In Steinbeck's The Wayward Bus, an assorted group of people, from respected company presidents to erotic dancers, find themselves in a lunchroom all waiting for the same bus that will take them to San Juan de la Cruz. Their presence in the lunchroom and on the bus brings about their sexual desires in an otherwise sexually inhibiting situation. Both the bus and the lunchroom, especially in the 1940's (about the time that this book was written), are common social places where sexual desires go suppressed, or unseen, but Steinbeck brings to the surface his character's sexual desires in this potent theme that runs throughout the novel.
Juan Chicoy, the main character in the novel, is married to Alice Chicoy, and together they run a shop at "Rebel Corners", which takes on the roles of: garage, restaurant, and store. In addition to running the garage, aided by the help of his apprentice, "Pimples", Juan drives a bus from "Rebel Corners" to San Juan de la Cruz. Alice runs the restaurant because Juan is to busy with the bus and the garage, and she is helped by a young employee named Norma. .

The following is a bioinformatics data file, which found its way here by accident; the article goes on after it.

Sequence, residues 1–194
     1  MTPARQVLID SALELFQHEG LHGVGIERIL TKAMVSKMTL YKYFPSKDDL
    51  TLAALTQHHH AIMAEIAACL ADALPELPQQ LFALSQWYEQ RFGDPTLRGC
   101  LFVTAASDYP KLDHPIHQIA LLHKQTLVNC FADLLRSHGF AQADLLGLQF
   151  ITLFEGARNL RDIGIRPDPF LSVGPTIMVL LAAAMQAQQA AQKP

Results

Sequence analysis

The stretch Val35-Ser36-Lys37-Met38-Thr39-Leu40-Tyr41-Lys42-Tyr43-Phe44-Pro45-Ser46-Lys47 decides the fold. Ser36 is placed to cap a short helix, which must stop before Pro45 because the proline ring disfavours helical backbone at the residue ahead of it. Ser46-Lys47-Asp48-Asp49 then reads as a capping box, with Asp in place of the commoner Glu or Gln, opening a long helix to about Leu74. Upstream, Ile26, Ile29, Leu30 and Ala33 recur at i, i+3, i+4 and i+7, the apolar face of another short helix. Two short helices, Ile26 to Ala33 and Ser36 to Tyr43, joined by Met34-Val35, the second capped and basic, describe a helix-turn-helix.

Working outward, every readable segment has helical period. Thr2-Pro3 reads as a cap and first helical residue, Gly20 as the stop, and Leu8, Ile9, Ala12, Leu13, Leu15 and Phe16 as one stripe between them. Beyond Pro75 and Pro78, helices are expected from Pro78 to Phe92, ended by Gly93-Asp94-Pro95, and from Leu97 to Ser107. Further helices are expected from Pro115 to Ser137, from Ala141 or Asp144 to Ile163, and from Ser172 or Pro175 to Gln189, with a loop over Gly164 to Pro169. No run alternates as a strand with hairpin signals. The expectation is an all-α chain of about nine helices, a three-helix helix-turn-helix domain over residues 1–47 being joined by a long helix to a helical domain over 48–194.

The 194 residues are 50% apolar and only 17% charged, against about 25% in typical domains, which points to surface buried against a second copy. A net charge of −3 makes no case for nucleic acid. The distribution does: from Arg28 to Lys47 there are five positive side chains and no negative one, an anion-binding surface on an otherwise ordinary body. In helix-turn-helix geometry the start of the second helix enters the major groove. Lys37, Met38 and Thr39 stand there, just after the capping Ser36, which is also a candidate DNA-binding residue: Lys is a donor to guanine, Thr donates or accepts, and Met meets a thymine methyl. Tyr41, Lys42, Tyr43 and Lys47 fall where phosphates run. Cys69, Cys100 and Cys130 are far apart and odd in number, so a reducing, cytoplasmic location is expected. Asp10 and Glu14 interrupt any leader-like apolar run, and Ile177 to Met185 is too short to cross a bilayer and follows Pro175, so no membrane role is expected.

Norma's sexual desires are illustrated in the beginning of the novel with her obsession over movie star Clark Gable. Norma " wrote long and passionate letters to Clark Gable." (Steinbeck, p.6) because "She liked older men with interesting faces." (Steinbeck, p.7). Sometimes she even daydreamed about Clark Gable as described in the novel: " her dream-widened eyes centered on the screen door, her pale eyes flexed and then closed for a moment. Then you could know that in that secret garden of her head, Gable had just entered the restaurant, had gasped when he saw her, and had stood there, his lips slightly parted and in his eyes the recognition that this was his woman." (Steinbeck, p.7). This shows Norma's desire for the attention of the opposite sex, which is also illustrated by her admiration of Camille, a young lady who worked in adult dance clubs, and her ability to attract men.